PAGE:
A Little Bit Western


Old Yeller

Mar 1, 2016

Right or wrong, one of the communication tools I seem to use extensively in motherhood is hollering. It’s not usually the first technique I resort to using, but after trying methods such as having a quiet and rational discussion about a situation, I do find yelling to yield at least moderately effective results in my offspring. And if my hollering is not completely effective, at the very least it does allow me to let off some steam which is therapeutic in itself.

I know I’m not the first mom to yell at her children, however I feel that raising farm kids does cause me to holler things that my suburban mommy counterparts never would. Sometimes in the heat of the moment when I hear myself yell out loud, I have to just step back and contemplate how different it is to raise a ranch kid. The very things I holler at my children remind me that we are so very fortunate to raise our rural kids. I think…

“If I’ve told you once, I’ve told you a hundred times, stay out of the afterbirth!” At this time of year, cows are busy birthing baby calves around our ranch, and with every calf comes a placenta that is often left scattered throughout the corrals. The slimy, gooey, gelatinous mass that is the afterbirth is a pretty strong magnet for inquisitive farm kids. It begs to be poked with a stick, or tapped with the toe of a rubber boot, or stuck on the end of a pitchfork to chase your sibling around with. In the continuum of gross things that ranch kids love to play with, afterbirth is boss.

“If you heel me one more time as I walk across the yard, so help me….!” I not only have the occasion to yell this out to my kids, I can honestly say I complain about this to my Other Half as well. I’m pleased that members of my family seem so adept at roping, but I would prefer if they use their clever skills on livestock and leave me out of their game. There has not been a single incident where roping me by my feet unexpectedly has improved my mood or the resulting mood of those around me. Just stop.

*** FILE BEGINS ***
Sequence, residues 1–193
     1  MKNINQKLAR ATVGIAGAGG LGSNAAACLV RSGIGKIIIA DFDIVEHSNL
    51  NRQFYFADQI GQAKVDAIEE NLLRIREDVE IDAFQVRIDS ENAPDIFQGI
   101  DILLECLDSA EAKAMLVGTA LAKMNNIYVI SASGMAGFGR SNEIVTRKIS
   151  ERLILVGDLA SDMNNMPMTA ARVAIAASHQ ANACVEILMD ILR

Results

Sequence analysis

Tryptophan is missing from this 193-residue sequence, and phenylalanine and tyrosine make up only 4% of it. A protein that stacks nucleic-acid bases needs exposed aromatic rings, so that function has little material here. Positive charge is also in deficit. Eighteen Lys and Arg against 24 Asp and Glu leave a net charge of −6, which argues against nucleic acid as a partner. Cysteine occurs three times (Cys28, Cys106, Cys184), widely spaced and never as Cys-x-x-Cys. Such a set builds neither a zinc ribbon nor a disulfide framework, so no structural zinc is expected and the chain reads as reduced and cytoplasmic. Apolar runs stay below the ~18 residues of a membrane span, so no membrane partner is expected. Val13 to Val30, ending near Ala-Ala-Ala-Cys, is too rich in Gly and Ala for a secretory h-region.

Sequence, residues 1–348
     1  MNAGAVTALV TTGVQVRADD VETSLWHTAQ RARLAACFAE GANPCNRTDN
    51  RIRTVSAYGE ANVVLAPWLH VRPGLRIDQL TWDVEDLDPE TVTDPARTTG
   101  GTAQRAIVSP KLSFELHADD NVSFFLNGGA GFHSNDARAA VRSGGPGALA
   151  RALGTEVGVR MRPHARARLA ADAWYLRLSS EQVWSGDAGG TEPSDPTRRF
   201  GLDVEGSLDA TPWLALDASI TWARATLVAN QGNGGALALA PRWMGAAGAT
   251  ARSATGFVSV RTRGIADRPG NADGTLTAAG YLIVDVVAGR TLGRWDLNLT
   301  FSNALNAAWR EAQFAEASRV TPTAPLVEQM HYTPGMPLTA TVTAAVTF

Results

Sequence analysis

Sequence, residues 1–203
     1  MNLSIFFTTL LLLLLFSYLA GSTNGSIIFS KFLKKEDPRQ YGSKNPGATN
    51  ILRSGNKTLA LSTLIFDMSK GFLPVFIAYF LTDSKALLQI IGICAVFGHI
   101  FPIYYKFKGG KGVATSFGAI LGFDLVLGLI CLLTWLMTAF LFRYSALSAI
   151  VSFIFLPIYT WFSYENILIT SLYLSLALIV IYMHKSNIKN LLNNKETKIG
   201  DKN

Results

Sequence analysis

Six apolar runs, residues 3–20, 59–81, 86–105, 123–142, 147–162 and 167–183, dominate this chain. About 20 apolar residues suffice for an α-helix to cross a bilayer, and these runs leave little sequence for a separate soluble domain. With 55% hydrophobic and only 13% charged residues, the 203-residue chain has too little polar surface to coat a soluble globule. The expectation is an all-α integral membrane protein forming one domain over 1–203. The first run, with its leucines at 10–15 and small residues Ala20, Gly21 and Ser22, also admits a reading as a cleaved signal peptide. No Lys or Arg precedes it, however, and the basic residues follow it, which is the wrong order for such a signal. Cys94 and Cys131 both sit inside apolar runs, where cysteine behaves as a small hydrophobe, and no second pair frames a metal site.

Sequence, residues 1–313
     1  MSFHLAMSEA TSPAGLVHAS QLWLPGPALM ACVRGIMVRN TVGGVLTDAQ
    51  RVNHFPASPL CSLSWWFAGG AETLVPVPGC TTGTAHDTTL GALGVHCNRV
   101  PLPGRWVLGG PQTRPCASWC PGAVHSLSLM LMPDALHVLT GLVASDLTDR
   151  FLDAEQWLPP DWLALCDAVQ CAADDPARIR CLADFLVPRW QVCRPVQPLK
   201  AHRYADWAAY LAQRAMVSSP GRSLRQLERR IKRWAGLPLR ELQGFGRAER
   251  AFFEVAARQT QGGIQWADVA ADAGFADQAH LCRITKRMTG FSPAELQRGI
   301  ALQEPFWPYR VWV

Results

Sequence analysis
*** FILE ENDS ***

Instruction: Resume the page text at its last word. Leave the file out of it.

“If you stick that [insert toy/bracelet/ball/bicycle] down that [gopher/badger] hole, I am NOT going in after it!”  While I sincerely love our homestead, it is fraught with many holes, some of them quite large, and most of them all within a short distance of our house, garden, and play area. In the past our gophers not only added grey hairs to my head but I’m sure they shaved precious days off my life, and I’ll be darned if I’m going to spend any time peering down a hole wondering where that Hot Wheels car went. And I’m definitely not going to be sticking my arm down one of the many badger holes dotting our landscape to retrieve a beloved trinket. It’s gone. The end.

“Stop touching that dead [insert gopher/bird/mouse/frog]! Leave it alone!” While we are lucky to raise our children with an appreciation for life cycles and the natural world, I don’t exactly want them to touch every random dead critter they encounter. I certainly don’t make it a habit to have dead wildlife accessible to my children, but farm kids are attracted to gross things like, well, a fly to roadkill. If they spy something icky, they’re going to check it out. And if they go to check it out, they will poke it with a stick.

Just like all moms around the world, my curious kids keep pushing their boundaries and I keep nudging them back. It’s all a part of a healthy childhood, but when the playground is a farmyard, the limitations that are explored are just a little different than those of the average Canadian kid. As long as my little ranchers keep pushing the envelope, I’m probably going to keep yelling. Hopefully they learn a little something along the way.

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